, expressing concern that if the company reduces prices -- they by proxy reduce revenues necessary to get the company's LTE network up to snuff. Hesse of course has since been informed he'll be fired from the new CEO spot
, with Sprint also announcing their intention to give up their pursuit of T-Mobile.
Last month we noted
that Sprint and T-Mobile were hoping to join forces and bid under a joint venture company in the FCC's 2015 incentive auction of 600 MHz spectrum. That may not float for the FCC, who in a blog post
stated that the agency is circulating a proposal that would bar such a play.
T-Mobile has announced that the company's implementation of higher-call-quality VoLTE services has been deployed nationwide. According to a company announcement
, the nationwide availability comes just two months after T-Mobile announced their first VoLTE market (Seattle) in May. The company states it is also busy deploying LTE on spectrum acquired from Verizon Wireless earlier this year. "The team has also been aggressively rolling out Wideband LTE, upgrading our remaining 2G footprint to 4G LTE and starting to roll out our new low-band 700 MHz A-Block spectrum," notes Legere. "In fact, in the three months since we got hold of this spectrum, we’ve already begun equipping sites with 700 MHz gear."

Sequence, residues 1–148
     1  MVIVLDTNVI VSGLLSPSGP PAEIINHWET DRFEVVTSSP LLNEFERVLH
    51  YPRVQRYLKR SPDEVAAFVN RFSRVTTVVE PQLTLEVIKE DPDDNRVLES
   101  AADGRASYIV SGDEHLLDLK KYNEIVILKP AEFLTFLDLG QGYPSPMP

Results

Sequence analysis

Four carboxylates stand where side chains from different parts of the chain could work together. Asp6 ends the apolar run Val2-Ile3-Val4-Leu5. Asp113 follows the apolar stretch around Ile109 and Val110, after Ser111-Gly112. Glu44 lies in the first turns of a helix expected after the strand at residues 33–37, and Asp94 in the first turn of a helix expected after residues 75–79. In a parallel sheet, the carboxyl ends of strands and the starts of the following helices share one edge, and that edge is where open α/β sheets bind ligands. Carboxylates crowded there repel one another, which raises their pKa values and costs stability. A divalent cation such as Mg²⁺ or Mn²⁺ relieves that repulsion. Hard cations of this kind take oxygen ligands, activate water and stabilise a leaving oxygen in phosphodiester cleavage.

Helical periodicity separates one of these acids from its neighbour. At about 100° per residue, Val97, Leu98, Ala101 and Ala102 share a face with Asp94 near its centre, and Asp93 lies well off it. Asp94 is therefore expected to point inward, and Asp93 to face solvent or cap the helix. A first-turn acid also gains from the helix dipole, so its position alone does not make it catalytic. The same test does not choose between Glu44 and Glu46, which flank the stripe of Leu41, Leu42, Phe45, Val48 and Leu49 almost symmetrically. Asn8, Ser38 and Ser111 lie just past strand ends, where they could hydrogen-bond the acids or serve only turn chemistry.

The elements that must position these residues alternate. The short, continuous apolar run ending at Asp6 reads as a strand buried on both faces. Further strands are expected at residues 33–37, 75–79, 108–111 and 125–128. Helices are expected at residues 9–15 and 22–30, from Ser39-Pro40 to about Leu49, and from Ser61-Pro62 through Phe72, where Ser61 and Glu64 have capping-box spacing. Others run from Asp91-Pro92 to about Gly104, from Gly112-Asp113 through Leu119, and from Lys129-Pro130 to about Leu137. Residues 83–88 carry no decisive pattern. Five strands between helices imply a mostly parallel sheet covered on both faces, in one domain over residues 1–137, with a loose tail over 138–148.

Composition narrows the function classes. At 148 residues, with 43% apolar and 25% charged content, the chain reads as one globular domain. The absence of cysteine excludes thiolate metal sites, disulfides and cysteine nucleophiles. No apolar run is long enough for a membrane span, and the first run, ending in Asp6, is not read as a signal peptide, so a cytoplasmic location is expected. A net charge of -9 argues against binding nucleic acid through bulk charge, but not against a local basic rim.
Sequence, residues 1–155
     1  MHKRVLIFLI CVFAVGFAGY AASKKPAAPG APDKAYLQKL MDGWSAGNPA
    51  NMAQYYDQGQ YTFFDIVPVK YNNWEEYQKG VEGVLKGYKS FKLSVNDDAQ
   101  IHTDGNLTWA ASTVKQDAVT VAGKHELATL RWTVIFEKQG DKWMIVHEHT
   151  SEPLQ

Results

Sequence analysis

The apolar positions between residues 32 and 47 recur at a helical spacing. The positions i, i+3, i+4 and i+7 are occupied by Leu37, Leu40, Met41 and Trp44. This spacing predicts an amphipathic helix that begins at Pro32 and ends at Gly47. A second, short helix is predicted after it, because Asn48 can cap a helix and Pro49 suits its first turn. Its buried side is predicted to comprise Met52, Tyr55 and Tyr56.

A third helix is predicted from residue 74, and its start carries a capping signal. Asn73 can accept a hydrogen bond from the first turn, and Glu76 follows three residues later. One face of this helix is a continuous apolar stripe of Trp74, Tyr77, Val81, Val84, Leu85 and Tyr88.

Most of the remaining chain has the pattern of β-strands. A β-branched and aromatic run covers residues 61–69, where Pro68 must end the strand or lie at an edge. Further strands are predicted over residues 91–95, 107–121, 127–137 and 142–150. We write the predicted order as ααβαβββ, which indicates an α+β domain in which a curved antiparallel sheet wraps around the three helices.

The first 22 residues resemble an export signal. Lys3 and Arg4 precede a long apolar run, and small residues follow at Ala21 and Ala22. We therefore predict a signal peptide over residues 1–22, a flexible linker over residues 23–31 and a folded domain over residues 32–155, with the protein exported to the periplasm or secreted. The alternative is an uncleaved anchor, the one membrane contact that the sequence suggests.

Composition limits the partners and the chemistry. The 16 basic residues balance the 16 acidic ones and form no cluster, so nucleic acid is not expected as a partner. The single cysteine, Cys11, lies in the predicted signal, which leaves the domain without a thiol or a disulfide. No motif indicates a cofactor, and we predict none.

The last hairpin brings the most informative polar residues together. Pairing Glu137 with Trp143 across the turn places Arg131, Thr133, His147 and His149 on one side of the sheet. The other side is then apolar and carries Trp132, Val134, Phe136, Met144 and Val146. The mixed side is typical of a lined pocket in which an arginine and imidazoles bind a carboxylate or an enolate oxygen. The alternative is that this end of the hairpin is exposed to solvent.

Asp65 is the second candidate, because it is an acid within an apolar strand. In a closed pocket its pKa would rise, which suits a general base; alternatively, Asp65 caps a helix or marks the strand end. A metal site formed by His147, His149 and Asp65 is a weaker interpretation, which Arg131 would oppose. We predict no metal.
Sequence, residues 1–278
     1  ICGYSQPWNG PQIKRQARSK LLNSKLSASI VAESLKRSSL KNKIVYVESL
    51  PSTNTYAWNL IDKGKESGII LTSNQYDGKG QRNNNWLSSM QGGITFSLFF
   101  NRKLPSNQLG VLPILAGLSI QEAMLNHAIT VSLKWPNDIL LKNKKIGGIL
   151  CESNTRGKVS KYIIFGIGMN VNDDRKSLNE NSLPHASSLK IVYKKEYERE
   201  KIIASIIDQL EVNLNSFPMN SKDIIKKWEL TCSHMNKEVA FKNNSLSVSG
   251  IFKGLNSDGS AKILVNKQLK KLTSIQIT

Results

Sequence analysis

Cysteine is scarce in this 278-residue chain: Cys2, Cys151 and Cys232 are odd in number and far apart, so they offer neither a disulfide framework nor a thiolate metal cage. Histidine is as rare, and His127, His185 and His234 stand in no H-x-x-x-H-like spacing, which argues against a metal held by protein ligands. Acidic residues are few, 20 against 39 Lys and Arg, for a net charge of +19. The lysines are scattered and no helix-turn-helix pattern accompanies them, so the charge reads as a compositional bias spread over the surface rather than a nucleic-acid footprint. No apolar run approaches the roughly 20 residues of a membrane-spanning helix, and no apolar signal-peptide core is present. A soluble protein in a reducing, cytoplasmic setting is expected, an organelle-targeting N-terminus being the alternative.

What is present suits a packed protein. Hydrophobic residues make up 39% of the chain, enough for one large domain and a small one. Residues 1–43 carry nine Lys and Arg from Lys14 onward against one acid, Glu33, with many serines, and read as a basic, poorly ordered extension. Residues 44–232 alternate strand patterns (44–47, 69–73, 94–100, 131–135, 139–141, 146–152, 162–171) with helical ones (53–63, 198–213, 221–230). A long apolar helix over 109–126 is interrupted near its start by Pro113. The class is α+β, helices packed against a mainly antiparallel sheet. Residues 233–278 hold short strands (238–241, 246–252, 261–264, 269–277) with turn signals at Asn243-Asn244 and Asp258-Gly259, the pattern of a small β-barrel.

Sprint and SoftBank's plan to acquire T-Mobile just got somewhat more complicated on the news that French telco Iliad has made their own counter-offer to acquire the telco. Iliad today announced the company has made a $15 billion cash offer to purchase 56.6 percent of T-Mobile. story continues..
Last month Senators Patrick Leahy (D-VT) and Charles Grassley (R-IA) introduced the "Unlocking Consumer Choice and Wireless Competition Act
(pdf), which aims to make unlocking one's cell phone technically legal again, even if it doesn't fully address the myriad of problems with the DMCA. In January of last year unlocking your cellphone technically became illegal
after the Librarian of Congress removed it from the DMCA exception list.
T-Mobile states that they've turned on "wideband" 15x15 MHz channels in Las Vegas, making the city one of seventeen markets where the improved capacity and faster speeds are now available. "We have more capacity per customer than any other major national U.S. wireless carrier plus we continue to offer the fastest nationwide 4G LTE in the U.S. and deliver the most consistent LTE speeds," crows the uncarrier in a press release